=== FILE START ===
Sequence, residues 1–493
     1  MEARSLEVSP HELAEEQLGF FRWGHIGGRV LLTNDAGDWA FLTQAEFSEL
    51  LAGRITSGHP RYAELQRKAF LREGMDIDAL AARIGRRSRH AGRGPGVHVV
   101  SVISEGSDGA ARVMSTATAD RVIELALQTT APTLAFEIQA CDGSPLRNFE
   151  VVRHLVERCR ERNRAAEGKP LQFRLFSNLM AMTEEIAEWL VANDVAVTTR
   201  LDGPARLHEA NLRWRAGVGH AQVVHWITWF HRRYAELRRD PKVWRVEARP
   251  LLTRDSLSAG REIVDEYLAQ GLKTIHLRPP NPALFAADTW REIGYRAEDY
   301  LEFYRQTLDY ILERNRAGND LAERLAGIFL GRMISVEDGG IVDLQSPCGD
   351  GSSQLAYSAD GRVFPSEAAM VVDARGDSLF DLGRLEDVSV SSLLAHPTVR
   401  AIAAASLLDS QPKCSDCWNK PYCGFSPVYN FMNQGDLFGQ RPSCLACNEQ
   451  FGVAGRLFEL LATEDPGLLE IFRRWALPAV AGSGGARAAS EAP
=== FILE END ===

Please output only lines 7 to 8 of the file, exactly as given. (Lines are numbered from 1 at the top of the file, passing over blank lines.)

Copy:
   251  LLTRDSLSAG REIVDEYLAQ GLKTIHLRPP NPALFAADTW REIGYRAEDY
   301  LEFYRQTLDY ILERNRAGND LAERLAGIFL GRMISVEDGG IVDLQSPCGD